By the light of Dynamic Silverlight

Keeping secrets is tough. Hearing about the Dynamic Language Runtime (DLR) from John Lam in February this year was one of those secrets that kept well.

John Udell interviewed John Lam, and has a backgrounder here. Some in the Ruby community didn’t see this coming.

Jim Hugunin has a posting on the new DLR, open source nature of the DLR on his “Thinking Dynamically” blog.

In addition to the Silverlight release, we’ve also made the full source code for both IronPython and all of the new DLR platform code available on codeplex under the BSD-style Microsoft Permissive License. All of that code can be downloaded today as part of the IronPython project at

The reality of being able to debug Ruby in a client-side UI framework on Safari on a Mac using Microsoft Silverlight tickles me, and others, greatly.

Blog from the keynote today, with all the ups-and-downs. Good to see I am not the only one who craves demos and has subversive thoughts in the midst of formal sessions.

Ryan Stewart has comments, and further links. The DLR adds 400K (what the!) to the Silverlight download. Wow.

zdnet has a sort of transcript of the Q&A that occured with Mike Arrington, Ray Ozzie and Scottgu.

Does Microsoft get Web 2.0? Yes.

Aussie Lingo, Again

Aussie, Aussie, Aussie, Oi, Oi, Oi

Australian lexicon can leave you a few roos loose. And it’s been a corker for years – well, at least since cocky was a chick.
Not as dry as a dead dingo’s donger is the book Tobruk, by Australia’s smartest footballer Peter FitzSimons – a dead easy read, even for non-war history lovers. Highly recommended. Whilst I have read a couple of books on Kokoda, it is next on the list.

Our Valuable Virtual Meta-verse Future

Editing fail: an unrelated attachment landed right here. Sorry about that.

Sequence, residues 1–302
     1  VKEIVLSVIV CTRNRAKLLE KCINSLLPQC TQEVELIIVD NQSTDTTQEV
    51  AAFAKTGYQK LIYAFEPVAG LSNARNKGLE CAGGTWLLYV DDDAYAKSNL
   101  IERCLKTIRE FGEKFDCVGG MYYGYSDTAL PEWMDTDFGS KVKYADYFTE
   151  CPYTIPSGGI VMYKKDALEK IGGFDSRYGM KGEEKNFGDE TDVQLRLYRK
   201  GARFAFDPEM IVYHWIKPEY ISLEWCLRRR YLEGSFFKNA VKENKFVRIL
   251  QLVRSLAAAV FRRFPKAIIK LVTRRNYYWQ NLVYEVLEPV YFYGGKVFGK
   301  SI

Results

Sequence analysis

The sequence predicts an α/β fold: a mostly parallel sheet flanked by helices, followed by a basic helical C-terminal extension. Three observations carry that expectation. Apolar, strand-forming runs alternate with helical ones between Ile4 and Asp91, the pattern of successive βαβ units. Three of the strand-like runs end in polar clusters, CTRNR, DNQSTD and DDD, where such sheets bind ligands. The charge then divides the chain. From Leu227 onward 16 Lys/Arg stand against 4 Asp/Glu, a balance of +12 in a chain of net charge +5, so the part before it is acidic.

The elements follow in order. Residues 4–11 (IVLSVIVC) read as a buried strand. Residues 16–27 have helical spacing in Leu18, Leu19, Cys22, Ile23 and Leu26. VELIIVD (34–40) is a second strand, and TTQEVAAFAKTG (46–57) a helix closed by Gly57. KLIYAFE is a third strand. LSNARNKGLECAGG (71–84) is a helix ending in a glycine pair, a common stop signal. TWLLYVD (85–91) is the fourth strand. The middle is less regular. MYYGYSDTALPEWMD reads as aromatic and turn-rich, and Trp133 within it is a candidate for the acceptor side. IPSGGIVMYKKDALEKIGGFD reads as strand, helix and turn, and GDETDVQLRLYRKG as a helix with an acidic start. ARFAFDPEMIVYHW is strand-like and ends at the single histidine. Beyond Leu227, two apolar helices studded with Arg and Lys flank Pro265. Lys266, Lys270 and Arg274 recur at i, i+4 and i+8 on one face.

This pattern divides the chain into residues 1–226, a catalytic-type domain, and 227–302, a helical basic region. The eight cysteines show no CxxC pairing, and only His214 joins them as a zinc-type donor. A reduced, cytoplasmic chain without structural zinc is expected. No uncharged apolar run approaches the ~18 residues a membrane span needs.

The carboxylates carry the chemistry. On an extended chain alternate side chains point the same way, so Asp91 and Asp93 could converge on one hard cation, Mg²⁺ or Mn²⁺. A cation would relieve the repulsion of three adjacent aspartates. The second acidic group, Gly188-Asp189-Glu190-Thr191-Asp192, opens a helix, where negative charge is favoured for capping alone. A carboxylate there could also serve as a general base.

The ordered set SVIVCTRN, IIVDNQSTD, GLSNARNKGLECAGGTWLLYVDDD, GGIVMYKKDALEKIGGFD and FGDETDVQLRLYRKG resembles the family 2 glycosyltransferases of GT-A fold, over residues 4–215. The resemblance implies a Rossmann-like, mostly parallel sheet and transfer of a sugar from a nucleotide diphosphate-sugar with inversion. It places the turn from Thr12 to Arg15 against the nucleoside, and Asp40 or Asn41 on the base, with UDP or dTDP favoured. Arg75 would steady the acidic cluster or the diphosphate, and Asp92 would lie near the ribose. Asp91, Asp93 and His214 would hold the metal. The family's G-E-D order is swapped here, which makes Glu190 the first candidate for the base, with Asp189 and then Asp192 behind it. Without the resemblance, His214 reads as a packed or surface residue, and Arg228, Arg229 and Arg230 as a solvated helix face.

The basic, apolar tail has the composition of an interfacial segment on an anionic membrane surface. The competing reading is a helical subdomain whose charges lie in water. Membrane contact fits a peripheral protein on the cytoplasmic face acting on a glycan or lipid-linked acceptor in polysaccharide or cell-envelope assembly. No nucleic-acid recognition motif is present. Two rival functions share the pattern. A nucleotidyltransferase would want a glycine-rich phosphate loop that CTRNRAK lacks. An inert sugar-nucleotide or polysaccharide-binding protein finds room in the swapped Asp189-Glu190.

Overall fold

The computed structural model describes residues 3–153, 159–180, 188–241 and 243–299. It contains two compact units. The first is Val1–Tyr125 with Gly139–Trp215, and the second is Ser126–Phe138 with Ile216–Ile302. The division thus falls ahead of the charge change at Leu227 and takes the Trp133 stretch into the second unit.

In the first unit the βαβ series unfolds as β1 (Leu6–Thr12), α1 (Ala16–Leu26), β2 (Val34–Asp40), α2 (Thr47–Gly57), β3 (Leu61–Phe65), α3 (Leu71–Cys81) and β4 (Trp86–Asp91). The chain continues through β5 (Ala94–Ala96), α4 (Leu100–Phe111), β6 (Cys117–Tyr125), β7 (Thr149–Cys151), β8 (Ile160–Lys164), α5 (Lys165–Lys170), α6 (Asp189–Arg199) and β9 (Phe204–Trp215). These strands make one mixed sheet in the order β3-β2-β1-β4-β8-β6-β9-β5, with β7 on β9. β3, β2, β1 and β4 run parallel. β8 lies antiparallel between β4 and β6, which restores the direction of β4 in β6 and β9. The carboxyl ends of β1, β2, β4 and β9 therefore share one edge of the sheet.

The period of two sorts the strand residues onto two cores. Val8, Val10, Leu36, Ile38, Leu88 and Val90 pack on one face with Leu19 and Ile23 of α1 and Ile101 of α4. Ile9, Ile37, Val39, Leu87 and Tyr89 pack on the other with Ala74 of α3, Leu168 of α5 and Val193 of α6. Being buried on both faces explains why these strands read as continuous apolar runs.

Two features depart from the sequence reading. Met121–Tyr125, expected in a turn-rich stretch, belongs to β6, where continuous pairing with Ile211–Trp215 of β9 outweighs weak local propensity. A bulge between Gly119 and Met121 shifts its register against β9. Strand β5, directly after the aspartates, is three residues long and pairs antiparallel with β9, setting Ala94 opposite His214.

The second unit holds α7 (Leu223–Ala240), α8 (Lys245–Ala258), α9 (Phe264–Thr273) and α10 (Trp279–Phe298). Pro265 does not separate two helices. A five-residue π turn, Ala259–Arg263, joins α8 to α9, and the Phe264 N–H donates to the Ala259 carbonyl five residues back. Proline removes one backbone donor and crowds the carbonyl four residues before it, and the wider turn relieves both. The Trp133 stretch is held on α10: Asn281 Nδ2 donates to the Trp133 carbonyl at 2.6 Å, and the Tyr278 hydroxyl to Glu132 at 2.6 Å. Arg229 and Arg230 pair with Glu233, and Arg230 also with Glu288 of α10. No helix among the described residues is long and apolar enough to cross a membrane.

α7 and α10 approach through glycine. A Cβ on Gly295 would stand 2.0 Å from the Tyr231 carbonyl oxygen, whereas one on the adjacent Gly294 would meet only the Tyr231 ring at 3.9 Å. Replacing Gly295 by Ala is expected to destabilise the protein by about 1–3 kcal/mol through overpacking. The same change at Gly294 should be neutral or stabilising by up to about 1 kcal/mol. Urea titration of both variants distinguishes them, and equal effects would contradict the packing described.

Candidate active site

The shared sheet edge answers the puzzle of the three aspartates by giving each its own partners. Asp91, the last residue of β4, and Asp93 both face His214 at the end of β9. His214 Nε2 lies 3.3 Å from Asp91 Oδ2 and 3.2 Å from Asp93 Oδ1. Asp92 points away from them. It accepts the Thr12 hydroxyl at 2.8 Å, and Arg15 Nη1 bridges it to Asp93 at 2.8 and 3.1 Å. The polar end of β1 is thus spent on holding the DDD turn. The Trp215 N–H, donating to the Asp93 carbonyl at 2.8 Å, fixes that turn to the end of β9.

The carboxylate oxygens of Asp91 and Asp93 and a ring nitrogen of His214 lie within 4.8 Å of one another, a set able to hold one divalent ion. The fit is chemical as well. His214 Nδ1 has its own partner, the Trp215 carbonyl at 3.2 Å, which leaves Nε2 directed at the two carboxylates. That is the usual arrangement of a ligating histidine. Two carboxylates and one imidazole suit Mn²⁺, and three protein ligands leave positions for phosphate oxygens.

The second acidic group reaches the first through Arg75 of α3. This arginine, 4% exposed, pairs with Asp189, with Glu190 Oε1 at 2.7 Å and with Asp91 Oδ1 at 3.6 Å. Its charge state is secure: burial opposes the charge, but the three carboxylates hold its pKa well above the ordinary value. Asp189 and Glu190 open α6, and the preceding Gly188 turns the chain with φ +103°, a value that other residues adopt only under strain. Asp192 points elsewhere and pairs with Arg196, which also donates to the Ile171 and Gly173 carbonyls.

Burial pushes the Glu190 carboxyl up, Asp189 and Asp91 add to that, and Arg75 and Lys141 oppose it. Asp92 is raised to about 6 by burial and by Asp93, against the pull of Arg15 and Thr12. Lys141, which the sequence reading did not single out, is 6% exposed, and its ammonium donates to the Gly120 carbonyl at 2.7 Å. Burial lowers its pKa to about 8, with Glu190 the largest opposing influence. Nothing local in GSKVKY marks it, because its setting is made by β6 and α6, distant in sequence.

In 1988 Mitchell Waite sent me a small paperback to read: Vernor Vinge‘s True Names. I was a mere, lowly Hypertalk programmer from Adelaide, South Australia. He was an important person.

This book has stuck in the neurons, and now the virtual is becoming real. It really goes to show how hard science fiction depicts a future that current living humans will not see. Based on some work I was doing to Tricks of the Hypertalk Masters, creating what would be now known as a “skin” over CompuServe; the book was just science fiction.

True Names published in 1981, describes a world called “Other Plane” were people interact online. The premise of separating your online from your physical indentity; and the concept of a future Singularity pervade my personal world-view today.

Thanks Mitch.

Now, what does this have to do with today?

Second Life. It’s more than the technology; it is also about the platforms involved. It is also how it impacts real people: such as Dave Wallace. Second Life is what I visualised as “Other Plane”

Watch the first half of this video: Jim-Cory-SecondLife.wmv, Lang.NET Symposium.

The first half of the video is light on technology; but heavy on the economics, and wider-world impacts of the virtual world. The user creation rate (Writeness in the Read/Write equation) is over 60%; compared to the web which is less than 10%.

A key reason seems to be the economic value attached to virtual objects scripted in Second Life. As items in the SecondLife virtual world are intellectual property; an item can be created, sold and purchased.

Ensuring that intellectual property is valued is going to be one of the toughest challenges for upcoming generations.

Is the scripting in Second Life the new HyperCard?